According to Herbert J. Cans, "Between 1933 and 1941 approximately 7,600 refugee professionals--scholars, artists, lawyers, doctors, engineers, etc.--came to the United States from Germany, Austria, and other parts of Hitler's Europe" (1953, 394). This group included many important and highly influential thinkers in a wide variety of fields, including such well-known figures as Albert Einstein, Hannah Arendt, Herbert Marcuse, Leo Szilard, Leo Strauss, Paul Lazarsfeld, John von Newmann, Erich Fromm, and Karen Horney (Jay 1970; Coser 1984; McClay 1994).
For economists of the Austrian School, the most famous member of this "intellectual migration" (Bailyn and Fleming 1970) was Ludwig von Mises, whose hair-raising escape from Europe, one step ahead of apprehension by the Nazis in 1940, has been recounted by several writers (see especially Hiilsmann 2007, 746-57).
Another of the intellectual migrants, seemingly a person altogether different from Mises, was Dietrich von Hildebrand, a famous Catholic theologian and philosopher. While reading recently about Hildebrand, however, I was struck by the many parallels between him and Mises. No doubt other migrants might be found who also shared similar parallels, so I am not suggesting that the occurrence of such parallels in this case is as unlikely as being struck by lightning. Nevertheless, they seem extraordinary to me.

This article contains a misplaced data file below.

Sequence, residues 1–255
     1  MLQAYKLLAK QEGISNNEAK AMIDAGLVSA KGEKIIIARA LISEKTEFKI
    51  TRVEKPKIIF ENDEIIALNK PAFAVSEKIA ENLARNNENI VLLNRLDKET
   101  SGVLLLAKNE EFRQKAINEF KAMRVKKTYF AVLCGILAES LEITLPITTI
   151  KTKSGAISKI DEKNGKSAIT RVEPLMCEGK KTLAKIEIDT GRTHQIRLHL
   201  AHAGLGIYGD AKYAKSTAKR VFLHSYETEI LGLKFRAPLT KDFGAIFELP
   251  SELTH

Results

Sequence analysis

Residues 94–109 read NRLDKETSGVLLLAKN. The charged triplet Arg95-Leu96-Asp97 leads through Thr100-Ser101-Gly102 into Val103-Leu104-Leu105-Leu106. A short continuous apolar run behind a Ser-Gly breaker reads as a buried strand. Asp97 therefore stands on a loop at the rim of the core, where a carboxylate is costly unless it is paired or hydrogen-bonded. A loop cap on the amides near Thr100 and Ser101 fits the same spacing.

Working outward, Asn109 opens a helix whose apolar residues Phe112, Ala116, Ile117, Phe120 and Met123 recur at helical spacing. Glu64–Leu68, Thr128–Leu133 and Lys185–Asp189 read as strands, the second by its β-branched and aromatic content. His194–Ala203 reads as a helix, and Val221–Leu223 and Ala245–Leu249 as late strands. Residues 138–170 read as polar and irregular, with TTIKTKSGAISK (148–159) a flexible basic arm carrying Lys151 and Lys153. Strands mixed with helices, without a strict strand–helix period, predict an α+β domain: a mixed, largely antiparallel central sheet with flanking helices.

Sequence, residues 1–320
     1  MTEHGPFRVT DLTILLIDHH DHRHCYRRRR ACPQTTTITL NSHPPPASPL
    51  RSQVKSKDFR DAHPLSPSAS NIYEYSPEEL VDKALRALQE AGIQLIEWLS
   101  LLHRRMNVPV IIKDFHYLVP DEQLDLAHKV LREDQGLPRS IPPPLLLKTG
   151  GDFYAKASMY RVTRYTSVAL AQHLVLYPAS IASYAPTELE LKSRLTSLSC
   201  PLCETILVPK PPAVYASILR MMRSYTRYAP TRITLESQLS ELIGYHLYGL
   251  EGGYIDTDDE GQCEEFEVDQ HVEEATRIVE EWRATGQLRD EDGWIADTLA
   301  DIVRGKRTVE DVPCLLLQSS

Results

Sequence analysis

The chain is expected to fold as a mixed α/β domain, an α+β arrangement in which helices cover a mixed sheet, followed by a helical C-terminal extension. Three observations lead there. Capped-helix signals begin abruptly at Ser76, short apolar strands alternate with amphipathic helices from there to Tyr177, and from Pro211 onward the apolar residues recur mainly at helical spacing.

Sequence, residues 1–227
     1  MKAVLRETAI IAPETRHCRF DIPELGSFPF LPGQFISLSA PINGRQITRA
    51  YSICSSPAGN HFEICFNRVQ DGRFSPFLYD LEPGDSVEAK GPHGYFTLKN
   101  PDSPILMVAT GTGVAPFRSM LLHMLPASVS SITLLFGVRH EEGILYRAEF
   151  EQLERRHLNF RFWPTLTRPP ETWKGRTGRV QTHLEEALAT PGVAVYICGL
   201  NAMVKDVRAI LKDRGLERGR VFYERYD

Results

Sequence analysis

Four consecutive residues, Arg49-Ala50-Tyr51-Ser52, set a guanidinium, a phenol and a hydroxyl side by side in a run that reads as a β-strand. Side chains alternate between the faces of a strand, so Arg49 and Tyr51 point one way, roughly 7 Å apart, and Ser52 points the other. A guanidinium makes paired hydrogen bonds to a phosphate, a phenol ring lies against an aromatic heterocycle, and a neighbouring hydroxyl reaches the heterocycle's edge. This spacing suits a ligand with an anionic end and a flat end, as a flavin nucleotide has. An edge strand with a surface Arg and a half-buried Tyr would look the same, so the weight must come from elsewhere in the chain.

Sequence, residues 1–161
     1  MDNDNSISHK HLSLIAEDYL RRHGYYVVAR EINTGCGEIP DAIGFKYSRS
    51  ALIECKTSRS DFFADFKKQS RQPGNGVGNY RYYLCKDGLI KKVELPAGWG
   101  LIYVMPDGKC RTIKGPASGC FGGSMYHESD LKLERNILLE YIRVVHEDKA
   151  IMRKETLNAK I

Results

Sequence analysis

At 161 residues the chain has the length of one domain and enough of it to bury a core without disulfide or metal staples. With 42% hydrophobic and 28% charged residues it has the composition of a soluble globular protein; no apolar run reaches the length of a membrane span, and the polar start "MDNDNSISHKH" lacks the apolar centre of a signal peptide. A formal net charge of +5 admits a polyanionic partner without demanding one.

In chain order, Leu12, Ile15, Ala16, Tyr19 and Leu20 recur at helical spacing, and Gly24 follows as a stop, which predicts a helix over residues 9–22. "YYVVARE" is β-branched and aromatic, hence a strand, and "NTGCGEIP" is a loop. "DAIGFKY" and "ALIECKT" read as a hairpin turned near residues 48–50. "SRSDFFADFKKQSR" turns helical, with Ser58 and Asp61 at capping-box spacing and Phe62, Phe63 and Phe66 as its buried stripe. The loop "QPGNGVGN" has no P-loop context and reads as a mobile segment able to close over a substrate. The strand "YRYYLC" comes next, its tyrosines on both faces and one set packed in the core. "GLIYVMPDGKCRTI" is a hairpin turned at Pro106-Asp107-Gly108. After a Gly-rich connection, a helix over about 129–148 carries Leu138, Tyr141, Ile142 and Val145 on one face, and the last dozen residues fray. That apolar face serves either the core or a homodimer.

The two men's life spans overlapped to a high degree. Mises was born in 1881 and died in 1973; Hildebrand was born in 1889 and died in 1977. Although Hildebrand was the son of a famous German sculptor, Adolf von Hildebrand, and a German mother, Irene Schauffelen, he was born and reared in Florence. He later studied under leading German philosophers such as Edmund Husserl, Max Scheler, and Adolf Reinach, and he taught philosophy for many years at the University of Munich.
Mises, in contrast, was an ethnic Jew, born in Lemberg, Galicia, in the outer reaches of the Austro-Hungarian Empire (the city is now called L'viv and located in Ukraine). He was educated at the University of Vienna, attended lectures by the great Austrian economist Eugen von Bohm-Bawerk, and was awarded a Juris Doctor in 1906. Early in the twentieth century, he began to devote his intellectual powers mainly to mastering, teaching, and contributing to the field of economics, activities that occupied him for the rest of his long life. The parallels between him and Hildebrand began-to appear with the outbreak of the...